Douglas County plays bit part in Senate trialDouglas County election official Vicki Doehling testified during the U.S. Senate election trial in St. Paul.
By: By Scott Wente, State Capitol Bureau, Alexandria Echo Press
Douglas County Elections Administrator Vicki Doehling recently joined the growing list of county officials called to testify in the U.S. Senate election trial in St. Paul.
After waiting for hours last Friday in the Minnesota Judicial Center, which houses the state's Supreme Court and Court of Appeals, Doehling took the witness stand and was questioned about one ballot that was rejected by Douglas County because the voter cast the absentee ballot in the wrong precinct.
"When I heard it was only one ballot they were questioning me about, I mean, how bad could that be?" Doehling said, talking about the experience during a telephone interview Monday. "I was on the stand for maybe 10, 15 minutes."
Douglas County Attorney Chris Karpan, who traveled with Doehling to St. Paul for the hearing, said afterward he wasn't all that surprised that county officials were subpoenaed, even for just one ballot.
He said the margin separating the two campaigns is so slim – Franken led by 225 votes entering the trial – that neither one is taking any chances.
The fact that Douglas County was called about only one ballot out of 20,012 cast, including 2,415 absentee ballots, is a credit great job the performed by county election staff, Karpan said.
"We’ve been through this election with a fine-tooth comb," he said, "and it's been almost flawless."
Norm Coleman’s campaign tried to demonstrate the single ballot in question was wrongly rejected because the error was caused by a mistake of the voter and of an election worker. An attorney for Coleman’s opponent, Al Franken, suggested only the voter was at fault and that the ballot was properly rejected.
Through their questioning of Doehling, the attorneys argued over whether it was the voter’s responsibility to update his voter registration information, including a change of address, or a Douglas County election official was partially to blame for the registration problem.
Doehling told a Franken attorney that it ultimately is the voter’s responsibility to maintain current voter registration information, but then was asked by a Coleman attorney whether the incident was a “shared mistake” by the voter and the election official, who failed to notice an address change.
“I would concede that,” she said.
Before she testified, Doehling said Douglas County election officials found no absentee ballots that they had wrongly rejected in the election. She said that was possible by limiting the number of people who handled the ballots.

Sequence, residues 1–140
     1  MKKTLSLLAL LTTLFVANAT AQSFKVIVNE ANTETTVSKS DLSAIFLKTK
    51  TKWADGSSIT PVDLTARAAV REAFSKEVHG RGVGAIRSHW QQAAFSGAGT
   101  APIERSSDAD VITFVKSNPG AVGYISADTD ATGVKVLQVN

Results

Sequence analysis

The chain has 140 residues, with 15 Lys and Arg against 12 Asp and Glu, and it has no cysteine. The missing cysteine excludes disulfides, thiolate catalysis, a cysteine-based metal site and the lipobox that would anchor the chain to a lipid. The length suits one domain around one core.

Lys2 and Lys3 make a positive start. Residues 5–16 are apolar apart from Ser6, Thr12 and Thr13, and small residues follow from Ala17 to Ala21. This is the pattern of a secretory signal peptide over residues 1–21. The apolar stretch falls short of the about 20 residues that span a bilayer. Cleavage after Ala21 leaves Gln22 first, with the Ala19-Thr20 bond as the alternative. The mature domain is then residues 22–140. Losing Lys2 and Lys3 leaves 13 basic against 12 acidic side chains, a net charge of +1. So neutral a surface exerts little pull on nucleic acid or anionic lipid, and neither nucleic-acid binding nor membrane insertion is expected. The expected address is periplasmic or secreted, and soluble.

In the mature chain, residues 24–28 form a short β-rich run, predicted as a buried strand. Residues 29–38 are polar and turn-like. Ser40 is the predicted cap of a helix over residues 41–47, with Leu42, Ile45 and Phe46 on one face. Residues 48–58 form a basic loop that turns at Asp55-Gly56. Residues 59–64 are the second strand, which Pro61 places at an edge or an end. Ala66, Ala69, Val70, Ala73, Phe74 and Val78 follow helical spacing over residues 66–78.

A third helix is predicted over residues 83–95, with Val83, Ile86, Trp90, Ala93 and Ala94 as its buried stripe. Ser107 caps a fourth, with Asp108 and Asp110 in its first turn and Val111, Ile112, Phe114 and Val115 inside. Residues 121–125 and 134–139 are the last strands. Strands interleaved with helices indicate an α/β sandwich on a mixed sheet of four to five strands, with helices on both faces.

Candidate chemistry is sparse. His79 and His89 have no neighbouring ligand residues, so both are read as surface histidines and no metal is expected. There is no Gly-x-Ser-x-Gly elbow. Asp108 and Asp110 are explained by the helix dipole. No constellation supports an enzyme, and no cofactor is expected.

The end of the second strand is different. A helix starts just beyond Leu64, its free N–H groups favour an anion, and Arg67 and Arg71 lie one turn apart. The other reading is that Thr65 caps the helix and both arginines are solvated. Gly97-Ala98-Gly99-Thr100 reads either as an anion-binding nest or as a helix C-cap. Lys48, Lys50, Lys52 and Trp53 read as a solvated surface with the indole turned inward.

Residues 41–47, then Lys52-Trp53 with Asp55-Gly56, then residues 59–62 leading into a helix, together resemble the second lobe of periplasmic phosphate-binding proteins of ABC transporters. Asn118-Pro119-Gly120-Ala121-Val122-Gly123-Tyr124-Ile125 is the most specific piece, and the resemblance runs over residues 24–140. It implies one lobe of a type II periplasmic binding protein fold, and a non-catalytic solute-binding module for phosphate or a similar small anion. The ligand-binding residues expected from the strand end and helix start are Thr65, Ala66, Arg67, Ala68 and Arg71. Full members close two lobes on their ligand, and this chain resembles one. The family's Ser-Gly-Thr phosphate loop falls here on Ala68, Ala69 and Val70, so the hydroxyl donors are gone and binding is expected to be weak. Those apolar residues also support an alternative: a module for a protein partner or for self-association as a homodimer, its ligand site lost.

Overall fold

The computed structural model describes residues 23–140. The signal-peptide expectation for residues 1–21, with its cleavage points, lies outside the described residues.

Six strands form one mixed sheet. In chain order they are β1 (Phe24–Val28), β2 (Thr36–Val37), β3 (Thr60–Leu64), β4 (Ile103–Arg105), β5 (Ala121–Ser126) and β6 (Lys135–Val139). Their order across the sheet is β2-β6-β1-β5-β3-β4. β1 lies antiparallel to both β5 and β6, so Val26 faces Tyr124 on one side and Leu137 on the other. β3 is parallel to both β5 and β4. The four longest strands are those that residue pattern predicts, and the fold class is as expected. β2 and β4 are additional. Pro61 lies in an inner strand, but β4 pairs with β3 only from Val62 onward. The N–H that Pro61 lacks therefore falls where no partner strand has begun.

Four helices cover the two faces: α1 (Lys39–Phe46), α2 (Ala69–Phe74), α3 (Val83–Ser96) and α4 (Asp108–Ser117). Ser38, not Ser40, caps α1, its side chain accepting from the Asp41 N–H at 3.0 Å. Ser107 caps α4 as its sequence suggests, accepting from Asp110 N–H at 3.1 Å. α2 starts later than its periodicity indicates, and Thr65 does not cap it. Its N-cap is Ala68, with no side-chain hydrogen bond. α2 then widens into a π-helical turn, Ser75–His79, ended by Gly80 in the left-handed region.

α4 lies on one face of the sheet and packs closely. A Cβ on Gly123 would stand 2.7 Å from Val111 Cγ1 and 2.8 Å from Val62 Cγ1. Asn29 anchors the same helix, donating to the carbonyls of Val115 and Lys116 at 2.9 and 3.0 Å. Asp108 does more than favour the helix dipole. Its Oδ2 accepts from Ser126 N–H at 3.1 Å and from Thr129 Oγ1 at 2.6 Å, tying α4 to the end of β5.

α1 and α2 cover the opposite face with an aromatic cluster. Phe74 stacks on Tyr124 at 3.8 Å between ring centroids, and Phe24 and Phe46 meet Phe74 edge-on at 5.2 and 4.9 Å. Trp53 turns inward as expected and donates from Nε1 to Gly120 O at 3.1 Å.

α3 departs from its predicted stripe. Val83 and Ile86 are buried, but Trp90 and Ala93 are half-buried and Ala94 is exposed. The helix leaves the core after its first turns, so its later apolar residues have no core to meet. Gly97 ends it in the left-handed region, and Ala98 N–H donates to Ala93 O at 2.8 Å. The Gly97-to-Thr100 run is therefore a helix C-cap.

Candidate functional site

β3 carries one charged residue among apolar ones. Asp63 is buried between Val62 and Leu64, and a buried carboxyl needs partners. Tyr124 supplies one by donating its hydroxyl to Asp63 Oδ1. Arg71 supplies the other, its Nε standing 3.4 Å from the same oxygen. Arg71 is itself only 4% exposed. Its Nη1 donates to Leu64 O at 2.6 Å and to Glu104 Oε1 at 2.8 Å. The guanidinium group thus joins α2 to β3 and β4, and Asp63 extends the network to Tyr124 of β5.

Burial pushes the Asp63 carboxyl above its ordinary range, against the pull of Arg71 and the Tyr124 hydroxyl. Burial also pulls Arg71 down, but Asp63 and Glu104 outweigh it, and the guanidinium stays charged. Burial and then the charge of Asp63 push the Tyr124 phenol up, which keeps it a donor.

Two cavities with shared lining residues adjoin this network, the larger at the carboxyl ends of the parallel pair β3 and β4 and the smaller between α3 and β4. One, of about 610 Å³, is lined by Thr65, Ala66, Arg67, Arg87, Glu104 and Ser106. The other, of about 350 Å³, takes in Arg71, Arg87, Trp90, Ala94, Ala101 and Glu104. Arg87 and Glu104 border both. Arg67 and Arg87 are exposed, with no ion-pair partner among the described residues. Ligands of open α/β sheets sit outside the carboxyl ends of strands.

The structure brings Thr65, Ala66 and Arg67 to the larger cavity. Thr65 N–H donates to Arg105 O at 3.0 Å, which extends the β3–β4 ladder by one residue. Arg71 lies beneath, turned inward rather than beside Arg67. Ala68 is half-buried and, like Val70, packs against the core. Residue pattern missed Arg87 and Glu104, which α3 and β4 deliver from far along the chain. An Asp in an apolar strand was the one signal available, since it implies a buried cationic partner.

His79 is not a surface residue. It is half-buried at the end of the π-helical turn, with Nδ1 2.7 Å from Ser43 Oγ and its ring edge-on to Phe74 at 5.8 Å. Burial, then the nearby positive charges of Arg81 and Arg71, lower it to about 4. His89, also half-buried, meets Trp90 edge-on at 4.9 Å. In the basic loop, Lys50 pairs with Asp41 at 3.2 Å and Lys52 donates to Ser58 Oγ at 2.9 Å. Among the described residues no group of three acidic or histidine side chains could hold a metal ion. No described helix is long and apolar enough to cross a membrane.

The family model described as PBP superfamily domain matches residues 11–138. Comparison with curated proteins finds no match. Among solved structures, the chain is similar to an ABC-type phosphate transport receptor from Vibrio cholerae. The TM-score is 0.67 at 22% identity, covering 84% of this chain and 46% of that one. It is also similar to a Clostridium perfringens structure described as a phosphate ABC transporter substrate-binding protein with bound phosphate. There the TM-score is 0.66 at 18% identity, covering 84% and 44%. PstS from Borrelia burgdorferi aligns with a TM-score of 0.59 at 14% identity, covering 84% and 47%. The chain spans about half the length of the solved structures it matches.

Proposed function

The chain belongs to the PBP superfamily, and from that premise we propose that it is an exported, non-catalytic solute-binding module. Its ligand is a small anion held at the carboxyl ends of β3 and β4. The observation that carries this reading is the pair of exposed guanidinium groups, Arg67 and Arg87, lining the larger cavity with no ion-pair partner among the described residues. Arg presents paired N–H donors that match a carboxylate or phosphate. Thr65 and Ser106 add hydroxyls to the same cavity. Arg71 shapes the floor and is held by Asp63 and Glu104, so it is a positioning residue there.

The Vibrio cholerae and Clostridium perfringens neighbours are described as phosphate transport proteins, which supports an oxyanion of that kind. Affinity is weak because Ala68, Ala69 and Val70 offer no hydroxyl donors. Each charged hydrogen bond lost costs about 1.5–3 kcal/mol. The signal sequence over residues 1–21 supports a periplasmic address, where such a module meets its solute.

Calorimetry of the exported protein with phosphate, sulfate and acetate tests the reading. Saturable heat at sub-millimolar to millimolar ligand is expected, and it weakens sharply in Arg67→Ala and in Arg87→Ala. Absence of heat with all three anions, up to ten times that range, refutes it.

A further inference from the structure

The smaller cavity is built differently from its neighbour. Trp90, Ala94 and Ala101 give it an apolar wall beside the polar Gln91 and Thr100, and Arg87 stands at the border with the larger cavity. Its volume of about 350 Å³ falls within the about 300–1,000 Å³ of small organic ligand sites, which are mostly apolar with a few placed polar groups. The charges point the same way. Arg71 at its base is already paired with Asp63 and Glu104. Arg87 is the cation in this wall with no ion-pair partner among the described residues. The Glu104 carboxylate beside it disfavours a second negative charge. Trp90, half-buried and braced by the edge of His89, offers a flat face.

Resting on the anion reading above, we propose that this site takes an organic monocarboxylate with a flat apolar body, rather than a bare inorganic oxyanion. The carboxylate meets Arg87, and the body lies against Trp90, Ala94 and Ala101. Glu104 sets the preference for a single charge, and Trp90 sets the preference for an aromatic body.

“The more hands you have in a pot, the more chance of error you have,” Doehling said.
That was typical of issues raised through trial testimony the past four weeks.
Discussion about how specific ballots are handled is too detailed to intrigue casual political observers, according to Bemidji State University journalism instructor Louise Mengelkoch, who has been monitoring the proceeding.
Minnesota voters – and even politically engaged college students – have little interest in details of the prolonged U.S. Senate election trial, Mengelkoch said.
“I think they’re lost,” Mengelkoch said last Friday. “I don’t know anybody who follows it, because it’s infuriating.
“I’m fascinated by it just because it’s so excruciating,” Mengelkoch added
The professor said her students showed much more interest in the 2000 and 2004 presidential elections than they have in their own state’s contentious Senate battle.
“They were more dramatic,” she said of the earlier elections. “The drama has almost been sucked out of this [race].”
The case started at a painfully slow pace, but has moved faster in recent days. The trial’s 20th day saw a flurry of legal requests from Coleman’s campaign amid continued testimony from local election officials about how they decided which absentee ballots to include in the November 4 election and the Senate recount.
Whether certain absentee ballots were wrongly rejected in the election tally is a key issue in Coleman’s lawsuit. He is challenging Al Franken’s 225-vote victory following the statewide recount of 2.9 million votes.
Coleman’s campaign called five county officials to the witness stand last Friday.
The local officials’ testimony was overshadowed by the campaigns’ maneuvering inside and outside the courtroom.
Coleman’s campaign continued to claim some ballots included in the election tally would be considered illegally cast under a recent ruling by the three-judge panel.
Echo Press staff reporter Mike Enright contributed to this report.